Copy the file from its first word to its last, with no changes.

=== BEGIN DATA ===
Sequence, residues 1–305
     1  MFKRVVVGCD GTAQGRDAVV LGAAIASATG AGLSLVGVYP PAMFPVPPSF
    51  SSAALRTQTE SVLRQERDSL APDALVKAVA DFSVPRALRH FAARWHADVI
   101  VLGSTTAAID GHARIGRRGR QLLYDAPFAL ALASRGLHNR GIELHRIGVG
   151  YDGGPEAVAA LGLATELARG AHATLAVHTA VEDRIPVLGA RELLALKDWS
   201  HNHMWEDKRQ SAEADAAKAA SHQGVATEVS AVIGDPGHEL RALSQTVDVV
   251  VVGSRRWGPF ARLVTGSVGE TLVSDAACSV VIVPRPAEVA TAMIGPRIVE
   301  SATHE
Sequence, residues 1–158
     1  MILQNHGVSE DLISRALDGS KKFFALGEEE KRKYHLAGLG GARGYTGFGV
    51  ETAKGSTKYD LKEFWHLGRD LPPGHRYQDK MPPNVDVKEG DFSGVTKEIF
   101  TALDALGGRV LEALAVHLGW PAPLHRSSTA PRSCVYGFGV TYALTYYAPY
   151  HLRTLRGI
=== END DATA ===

Sequence, residues 1–305
     1  MFKRVVVGCD GTAQGRDAVV LGAAIASATG AGLSLVGVYP PAMFPVPPSF
    51  SSAALRTQTE SVLRQERDSL APDALVKAVA DFSVPRALRH FAARWHADVI
   101  VLGSTTAAID GHARIGRRGR QLLYDAPFAL ALASRGLHNR GIELHRIGVG
   151  YDGGPEAVAA LGLATELARG AHATLAVHTA VEDRIPVLGA RELLALKDWS
   201  HNHMWEDKRQ SAEADAAKAA SHQGVATEVS AVIGDPGHEL RALSQTVDVV
   251  VVGSRRWGPF ARLVTGSVGE TLVSDAACSV VIVPRPAEVA TAMIGPRIVE
   301  SATHE
Sequence, residues 1–158
     1  MILQNHGVSE DLISRALDGS KKFFALGEEE KRKYHLAGLG GARGYTGFGV
    51  ETAKGSTKYD LKEFWHLGRD LPPGHRYQDK MPPNVDVKEG DFSGVTKEIF
   101  TALDALGGRV LEALAVHLGW PAPLHRSSTA PRSCVYGFGV TYALTYYAPY
   151  HLRTLRGI